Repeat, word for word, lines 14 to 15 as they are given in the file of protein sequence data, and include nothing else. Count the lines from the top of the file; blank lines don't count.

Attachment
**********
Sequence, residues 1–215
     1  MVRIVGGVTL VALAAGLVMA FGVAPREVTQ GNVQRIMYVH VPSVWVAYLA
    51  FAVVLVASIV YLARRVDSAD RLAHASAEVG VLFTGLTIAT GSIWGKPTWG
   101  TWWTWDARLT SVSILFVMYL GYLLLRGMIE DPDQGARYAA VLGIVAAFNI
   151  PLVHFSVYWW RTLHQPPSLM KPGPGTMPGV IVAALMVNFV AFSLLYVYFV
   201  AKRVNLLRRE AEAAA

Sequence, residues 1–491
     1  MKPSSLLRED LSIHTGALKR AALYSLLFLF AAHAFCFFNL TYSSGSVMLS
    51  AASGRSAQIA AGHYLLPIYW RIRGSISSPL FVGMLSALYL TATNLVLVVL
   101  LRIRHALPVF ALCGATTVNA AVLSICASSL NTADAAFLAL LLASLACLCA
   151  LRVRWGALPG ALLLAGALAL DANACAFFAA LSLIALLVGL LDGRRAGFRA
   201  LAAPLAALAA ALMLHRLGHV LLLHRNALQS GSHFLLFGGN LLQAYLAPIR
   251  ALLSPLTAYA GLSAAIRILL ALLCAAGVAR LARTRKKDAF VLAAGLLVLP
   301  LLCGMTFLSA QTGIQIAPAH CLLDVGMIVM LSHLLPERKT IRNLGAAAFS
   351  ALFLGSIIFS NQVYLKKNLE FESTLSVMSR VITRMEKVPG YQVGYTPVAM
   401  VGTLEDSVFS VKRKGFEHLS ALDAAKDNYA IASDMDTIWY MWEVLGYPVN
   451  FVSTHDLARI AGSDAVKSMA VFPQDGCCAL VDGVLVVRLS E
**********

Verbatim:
   301  LLCGMTFLSA QTGIQIAPAH CLLDVGMIVM LSHLLPERKT IRNLGAAAFS
   351  ALFLGSIIFS NQVYLKKNLE FESTLSVMSR VITRMEKVPG YQVGYTPVAM